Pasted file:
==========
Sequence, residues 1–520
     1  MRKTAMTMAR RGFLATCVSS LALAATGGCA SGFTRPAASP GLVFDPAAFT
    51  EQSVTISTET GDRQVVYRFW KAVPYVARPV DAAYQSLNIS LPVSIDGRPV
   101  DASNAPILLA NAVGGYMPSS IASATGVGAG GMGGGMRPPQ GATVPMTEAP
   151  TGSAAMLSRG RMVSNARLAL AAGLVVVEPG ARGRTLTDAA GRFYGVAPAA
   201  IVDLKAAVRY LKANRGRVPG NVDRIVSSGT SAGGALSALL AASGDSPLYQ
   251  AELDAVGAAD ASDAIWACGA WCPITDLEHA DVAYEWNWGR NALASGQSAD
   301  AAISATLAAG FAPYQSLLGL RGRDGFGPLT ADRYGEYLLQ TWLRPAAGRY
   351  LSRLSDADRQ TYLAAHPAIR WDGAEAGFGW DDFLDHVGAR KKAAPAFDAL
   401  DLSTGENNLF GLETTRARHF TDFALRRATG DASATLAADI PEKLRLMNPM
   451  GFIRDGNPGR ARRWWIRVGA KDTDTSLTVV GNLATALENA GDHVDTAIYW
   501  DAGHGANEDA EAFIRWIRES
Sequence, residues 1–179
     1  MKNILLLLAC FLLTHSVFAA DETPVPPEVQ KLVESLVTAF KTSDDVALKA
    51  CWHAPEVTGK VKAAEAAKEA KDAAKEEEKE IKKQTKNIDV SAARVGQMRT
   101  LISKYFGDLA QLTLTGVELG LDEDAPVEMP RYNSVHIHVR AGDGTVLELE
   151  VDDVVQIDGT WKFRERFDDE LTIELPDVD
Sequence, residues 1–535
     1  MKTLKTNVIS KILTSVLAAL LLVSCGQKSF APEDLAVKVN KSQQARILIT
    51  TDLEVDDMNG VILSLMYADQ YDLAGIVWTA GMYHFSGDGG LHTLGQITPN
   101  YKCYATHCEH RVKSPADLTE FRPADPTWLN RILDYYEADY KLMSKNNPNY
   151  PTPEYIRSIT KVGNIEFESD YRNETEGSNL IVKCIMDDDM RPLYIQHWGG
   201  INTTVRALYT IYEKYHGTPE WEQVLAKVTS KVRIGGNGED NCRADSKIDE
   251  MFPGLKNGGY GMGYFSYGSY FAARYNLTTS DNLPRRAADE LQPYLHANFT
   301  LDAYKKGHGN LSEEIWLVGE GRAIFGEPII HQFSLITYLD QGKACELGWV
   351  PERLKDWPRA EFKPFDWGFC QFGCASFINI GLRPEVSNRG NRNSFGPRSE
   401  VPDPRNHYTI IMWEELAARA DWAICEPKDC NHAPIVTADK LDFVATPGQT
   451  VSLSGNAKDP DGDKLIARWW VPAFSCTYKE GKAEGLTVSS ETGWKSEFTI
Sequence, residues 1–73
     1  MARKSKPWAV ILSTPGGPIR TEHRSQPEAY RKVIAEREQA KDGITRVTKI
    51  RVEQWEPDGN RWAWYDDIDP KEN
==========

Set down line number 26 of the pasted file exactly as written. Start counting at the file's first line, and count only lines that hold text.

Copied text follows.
   351  PERLKDWPRA EFKPFDWGFC QFGCASFINI GLRPEVSNRG NRNSFGPRSE